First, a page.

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What is the connection between Asymmetry and Flows?

Transcultural Mediaspheres: International Journal Collection in Khan Market, New Delhi. © Prof. Dr. Christiane Brosius.

Asymmetries drive flows and result in ever new and ever shifting asymmetries: flows and asymmetries condition each other. Both have quantitative as well as qualitative dimensions which are not necessarily proportional to each other. Quantitatively small flows may have qualitatively huge impacts. Asymmetry has a pivotal impact on the amount and “intensity” of flows, and on who has access to them, etc. Following Ulf Hannerz, asymmetries lead to flows that in turn change asymmetrical structures. They may lead to higher degrees of symmetry, but more often than not, they condition ever new asymmetrical structures (Hannerz 1992). Indeed, in many cases the flows (or exchange processes) themselves constitute asymmetries: not everyone partaking in a flow is equally in control of the flow, and to measure agency within a flow is problematic, to say the least.

One could argue that flows come into being only through particular (asymmetrical) processes of gatekeeping and trendsetting. Due to the role gatekeepers and trendsetters play in this process, and depending on their particular “density,” these flows which may or may not stem from asymmetrical relations, again create new asymmetries (B12 "Rethinking Trends", Project "Indian Contemporary Art in a Transnational Context – An Ethnography on Art with Focus on the Travelling Exhibition ‘Indian Highway’"). Cultural flows between Europe and Asia especially in the “colonial” (in the literal as well as metaphorical sense) period resulted in the re-configuration and reconstitution of identities and hierarchies, for example.  

The majority of visual flows that cross cultures, too, come from certain centers, but over time, former centers of power are losing their (hegemonic) influence (B4 "Transcultural Visuality Learning Group") and new centers with their own networks are emerging instead. On the other hand, we also have the attempt to redress and change or cope with asymmetries by redirecting or “channelling” certain flows so that they become available to oneself, for example. The direction of the asymmetry doesn’t decide the direction(s) or the hierarchy of flow(s). People may attempt to recreate public institutions such as clubs, newspapers, websites, even museums or even a new public language (such as Pidgin or Chinglish) which would allow them to participate in a wider “public sphere” from which they had hitherto felt excluded. Yet, these institutions in turn may then lead to a variety of new asymmetries, e.g. between those with access to these new clubs, newspapers, and websites and languages and those without it. (GPTS Projects: "Singapur Press", "The Internet and the Public Sphere in the Era of Convergence: An Ethnographic Case Study of Chinese Diasporic Media in Germany", "Chinglish – Communicating with the World?")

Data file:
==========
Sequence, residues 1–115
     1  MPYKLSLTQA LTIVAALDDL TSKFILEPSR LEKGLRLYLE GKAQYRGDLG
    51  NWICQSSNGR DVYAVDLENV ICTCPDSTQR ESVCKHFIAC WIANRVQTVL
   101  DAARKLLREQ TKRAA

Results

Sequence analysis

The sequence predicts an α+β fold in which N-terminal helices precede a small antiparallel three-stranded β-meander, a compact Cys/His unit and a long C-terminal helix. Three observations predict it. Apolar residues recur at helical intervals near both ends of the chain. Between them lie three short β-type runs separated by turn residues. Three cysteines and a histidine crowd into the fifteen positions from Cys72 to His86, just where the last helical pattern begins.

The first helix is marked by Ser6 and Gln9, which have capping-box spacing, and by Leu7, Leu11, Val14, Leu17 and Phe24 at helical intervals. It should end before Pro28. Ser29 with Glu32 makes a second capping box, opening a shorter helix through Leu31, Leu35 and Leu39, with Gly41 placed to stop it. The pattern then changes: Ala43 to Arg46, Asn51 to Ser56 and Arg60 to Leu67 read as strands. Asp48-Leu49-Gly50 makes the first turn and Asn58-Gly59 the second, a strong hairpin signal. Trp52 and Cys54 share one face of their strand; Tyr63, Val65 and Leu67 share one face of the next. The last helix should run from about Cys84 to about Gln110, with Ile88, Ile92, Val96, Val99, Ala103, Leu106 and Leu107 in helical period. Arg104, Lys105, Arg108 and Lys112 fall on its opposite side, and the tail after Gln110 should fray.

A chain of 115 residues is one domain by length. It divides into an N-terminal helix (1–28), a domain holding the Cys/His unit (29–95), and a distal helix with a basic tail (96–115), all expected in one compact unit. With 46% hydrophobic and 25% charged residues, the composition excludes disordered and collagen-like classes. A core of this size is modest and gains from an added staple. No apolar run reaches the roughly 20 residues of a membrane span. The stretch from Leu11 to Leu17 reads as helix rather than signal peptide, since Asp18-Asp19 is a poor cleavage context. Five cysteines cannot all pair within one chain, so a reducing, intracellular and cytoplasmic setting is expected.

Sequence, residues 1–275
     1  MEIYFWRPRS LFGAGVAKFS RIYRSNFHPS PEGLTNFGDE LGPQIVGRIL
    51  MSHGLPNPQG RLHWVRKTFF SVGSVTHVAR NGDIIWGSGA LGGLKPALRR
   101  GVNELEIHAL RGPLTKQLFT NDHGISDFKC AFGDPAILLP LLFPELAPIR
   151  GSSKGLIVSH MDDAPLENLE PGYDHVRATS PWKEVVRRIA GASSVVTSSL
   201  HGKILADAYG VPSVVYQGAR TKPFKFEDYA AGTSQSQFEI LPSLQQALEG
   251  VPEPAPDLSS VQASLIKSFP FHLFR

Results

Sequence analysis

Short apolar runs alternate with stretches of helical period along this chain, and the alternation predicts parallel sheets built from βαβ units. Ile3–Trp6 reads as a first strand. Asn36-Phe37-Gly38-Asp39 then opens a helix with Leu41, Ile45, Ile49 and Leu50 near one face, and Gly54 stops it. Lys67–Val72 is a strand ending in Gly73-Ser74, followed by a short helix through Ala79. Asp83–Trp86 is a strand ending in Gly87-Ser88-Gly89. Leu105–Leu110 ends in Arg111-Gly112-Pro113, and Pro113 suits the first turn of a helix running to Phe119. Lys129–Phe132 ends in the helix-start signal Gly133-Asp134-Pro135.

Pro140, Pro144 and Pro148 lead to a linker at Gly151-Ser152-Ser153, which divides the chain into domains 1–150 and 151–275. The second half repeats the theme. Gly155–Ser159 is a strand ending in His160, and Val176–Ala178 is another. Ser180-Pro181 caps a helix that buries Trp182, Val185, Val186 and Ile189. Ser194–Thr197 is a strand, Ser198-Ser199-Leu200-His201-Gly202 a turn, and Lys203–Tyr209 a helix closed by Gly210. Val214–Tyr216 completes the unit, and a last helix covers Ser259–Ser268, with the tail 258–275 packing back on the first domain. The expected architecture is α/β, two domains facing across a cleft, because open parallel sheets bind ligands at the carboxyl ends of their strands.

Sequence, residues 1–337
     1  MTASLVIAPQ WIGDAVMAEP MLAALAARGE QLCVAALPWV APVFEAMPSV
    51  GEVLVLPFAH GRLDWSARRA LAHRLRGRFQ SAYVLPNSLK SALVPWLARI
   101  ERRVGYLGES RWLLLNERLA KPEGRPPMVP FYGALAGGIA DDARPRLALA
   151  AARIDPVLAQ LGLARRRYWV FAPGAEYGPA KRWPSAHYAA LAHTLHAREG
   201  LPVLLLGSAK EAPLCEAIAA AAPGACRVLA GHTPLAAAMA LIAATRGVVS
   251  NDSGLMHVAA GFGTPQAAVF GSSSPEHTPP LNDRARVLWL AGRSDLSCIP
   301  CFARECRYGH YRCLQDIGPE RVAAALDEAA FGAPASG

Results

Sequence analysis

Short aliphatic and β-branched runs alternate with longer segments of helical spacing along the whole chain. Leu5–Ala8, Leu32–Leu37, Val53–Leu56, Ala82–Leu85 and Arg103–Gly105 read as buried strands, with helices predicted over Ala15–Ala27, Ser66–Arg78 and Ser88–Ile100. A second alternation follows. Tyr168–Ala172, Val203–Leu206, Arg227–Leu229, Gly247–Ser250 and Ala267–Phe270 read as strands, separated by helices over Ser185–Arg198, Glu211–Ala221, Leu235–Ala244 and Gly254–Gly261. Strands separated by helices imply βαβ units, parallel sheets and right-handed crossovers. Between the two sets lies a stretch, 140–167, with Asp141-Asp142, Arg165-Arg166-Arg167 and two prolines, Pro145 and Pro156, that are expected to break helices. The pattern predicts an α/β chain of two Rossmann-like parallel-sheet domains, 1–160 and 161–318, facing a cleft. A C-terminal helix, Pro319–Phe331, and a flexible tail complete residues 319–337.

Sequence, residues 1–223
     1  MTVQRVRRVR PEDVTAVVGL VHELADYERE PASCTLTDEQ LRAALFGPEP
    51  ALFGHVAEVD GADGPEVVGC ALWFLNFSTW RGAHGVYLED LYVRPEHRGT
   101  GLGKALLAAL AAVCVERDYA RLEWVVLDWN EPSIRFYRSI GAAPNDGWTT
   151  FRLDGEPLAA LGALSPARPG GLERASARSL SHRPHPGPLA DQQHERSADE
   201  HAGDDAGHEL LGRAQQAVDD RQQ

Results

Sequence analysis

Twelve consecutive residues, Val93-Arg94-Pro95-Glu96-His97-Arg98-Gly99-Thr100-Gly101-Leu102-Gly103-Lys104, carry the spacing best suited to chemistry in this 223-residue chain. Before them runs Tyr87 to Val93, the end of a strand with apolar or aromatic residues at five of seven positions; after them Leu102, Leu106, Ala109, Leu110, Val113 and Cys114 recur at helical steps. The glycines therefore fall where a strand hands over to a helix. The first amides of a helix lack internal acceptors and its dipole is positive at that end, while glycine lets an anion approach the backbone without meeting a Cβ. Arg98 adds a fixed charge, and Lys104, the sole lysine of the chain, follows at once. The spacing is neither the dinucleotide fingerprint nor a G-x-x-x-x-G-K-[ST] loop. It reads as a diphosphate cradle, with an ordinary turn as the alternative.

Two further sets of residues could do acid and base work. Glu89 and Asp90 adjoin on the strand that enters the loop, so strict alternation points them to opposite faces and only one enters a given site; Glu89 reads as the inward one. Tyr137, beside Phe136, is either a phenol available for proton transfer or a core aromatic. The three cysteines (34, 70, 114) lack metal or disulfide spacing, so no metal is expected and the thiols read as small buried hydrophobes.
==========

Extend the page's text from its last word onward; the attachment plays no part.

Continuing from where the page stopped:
Is a flow the necessary indicator of an asymmetry then? No: asymmetry doesn’t always and necessarily result in flows. It is one of the possible contexts, within which encounters of different cultures can take place. This is certainly the case regarding the political encounters between the Greco-Macedonian elite and their subject communities in the Eastern Mediterranean during the Hellenistic period (B15 "The Elusive Greekness"). But the existence of an asymmetrical relation does not account automatically either for diverse and, at the same time, global cultural processes or the agency behind of them. Equally, ongoing processes or actions, which take place in an “asymmetrical” context, may seemingly support or even promote power relations, but foremost are processes of appropriation, customization or pure recontextualization.

«Asymmetry                                                                                 Transculturality»

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